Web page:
White Lies: Race and the Myths of Whiteness: Maurice Berger: xecykisypife.tk: Books
Maurice Berger grew up hypersensitized to race in the charged environment of New York City in the sixties. Berger himself was one of the few white kids in his Lower East Side housing project. Berger's unusual experience--and his determination to examine the subject of race for its multiple and intricate meanings--makes White Lies a fresh and startling book. Berger has become a passionate observer of race matters, searching out the subtle and not-so-subtle manifestations of racial meaning in everyday life. In White Lies , he encourages us to reckon with our own complex and often troubling opinions about race.
The result is an uncommonly honest and affecting look at race in America today--free of cant, surprisingly entertaining, unsettled and unsettling. The Saul Marshall Thrillers Boxset.
White Lies: Race and the Myths of Whiteness
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There was a problem filtering reviews right now. Please try again later. One person found this helpful 2 people found this helpful. The book has a lot of short stories about experiences that deal with race relations. It has a lot, like too many, like you may need to read about 50 pages and then begin you're paper on it.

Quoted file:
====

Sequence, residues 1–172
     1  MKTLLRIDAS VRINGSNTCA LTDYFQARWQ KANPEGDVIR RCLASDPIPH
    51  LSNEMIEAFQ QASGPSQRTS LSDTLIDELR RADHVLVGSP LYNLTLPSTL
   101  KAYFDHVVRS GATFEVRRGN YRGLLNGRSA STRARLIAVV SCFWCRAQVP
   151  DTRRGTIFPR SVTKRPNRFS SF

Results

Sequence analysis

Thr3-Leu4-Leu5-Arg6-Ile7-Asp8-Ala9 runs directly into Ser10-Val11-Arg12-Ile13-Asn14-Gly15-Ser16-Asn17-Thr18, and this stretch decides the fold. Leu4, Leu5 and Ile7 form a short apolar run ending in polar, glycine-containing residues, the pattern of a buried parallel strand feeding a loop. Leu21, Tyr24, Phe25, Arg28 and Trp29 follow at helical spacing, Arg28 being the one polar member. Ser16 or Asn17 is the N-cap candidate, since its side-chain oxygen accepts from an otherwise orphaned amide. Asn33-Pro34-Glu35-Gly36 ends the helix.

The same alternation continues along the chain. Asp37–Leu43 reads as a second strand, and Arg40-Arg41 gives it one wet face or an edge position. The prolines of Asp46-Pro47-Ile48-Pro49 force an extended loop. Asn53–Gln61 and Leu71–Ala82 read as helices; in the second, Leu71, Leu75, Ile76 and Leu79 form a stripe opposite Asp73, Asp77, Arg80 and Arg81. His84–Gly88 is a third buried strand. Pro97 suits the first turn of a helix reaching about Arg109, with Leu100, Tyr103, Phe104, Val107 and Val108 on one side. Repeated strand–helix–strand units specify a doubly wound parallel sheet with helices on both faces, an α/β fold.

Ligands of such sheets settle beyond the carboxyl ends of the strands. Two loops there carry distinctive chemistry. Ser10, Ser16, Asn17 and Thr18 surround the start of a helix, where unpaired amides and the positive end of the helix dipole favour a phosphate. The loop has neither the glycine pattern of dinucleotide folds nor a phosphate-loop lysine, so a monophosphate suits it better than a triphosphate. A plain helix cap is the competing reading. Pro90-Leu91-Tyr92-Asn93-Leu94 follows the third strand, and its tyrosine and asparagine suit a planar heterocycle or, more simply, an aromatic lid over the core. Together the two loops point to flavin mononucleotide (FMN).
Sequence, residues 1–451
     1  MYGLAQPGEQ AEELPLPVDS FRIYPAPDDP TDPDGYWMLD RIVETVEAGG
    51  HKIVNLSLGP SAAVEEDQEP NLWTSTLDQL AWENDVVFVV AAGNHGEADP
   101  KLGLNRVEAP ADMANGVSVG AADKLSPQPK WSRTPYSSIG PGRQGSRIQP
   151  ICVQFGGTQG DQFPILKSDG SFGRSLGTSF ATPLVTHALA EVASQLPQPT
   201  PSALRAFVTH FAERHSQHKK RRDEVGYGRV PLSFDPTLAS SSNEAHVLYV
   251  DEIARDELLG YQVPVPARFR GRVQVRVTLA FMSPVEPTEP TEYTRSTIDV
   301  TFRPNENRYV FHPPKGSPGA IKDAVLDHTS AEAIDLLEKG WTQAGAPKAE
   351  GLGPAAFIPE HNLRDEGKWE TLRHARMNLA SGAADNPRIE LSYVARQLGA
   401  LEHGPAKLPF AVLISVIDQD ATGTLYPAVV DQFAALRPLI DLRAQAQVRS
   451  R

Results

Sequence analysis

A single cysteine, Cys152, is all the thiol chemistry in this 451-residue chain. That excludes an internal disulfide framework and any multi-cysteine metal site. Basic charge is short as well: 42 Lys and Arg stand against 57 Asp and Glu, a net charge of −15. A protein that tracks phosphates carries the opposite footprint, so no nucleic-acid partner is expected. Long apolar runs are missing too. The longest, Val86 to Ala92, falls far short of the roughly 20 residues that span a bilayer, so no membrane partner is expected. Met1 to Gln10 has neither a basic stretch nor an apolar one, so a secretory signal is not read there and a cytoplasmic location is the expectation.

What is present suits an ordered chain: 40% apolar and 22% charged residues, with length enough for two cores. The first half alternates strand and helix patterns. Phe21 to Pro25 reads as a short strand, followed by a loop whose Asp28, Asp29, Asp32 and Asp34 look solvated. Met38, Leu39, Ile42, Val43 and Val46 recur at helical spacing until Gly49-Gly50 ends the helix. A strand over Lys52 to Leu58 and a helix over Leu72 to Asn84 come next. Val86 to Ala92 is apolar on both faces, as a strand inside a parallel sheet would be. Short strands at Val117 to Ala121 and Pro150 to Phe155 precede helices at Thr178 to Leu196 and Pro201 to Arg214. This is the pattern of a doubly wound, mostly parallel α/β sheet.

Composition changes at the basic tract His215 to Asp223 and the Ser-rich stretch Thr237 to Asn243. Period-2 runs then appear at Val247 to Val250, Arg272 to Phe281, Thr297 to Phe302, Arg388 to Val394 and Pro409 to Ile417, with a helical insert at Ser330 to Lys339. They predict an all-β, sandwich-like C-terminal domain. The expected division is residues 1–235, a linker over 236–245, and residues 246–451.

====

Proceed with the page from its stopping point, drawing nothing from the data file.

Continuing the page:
Very interesting stories, I recommend buying it for you social issues classes. Race and the Myths of Whiteness" several times. In fact, I am half way through it again.
With each passage I can see myself walking with Berger when he was a child, a sibling, a friend, student and teacher. I found myself recognizing the impact of the power of language upon him from page to page. Much of what Berger was subjected to is not new.
He is not alone in his experience of prejudice, in the assumptions from others of his inadequacy in the face of his poverty nor the exalted injections of his worth as a white person when integration was taking root in his community. There are obstacles to overcome where racism is concerned.
No doubt about it. Self-deception weighs heavily upon each us where racism is concerned as every word, every nuance, every glance a child all children , any student all students absorb becomes a part of their struggle with everyday life for all of their life. What is new, painfully new We are the adult a child is watching, the teacher a student learns from, the parent our child relies upon. The problem of racism in our life is our problem.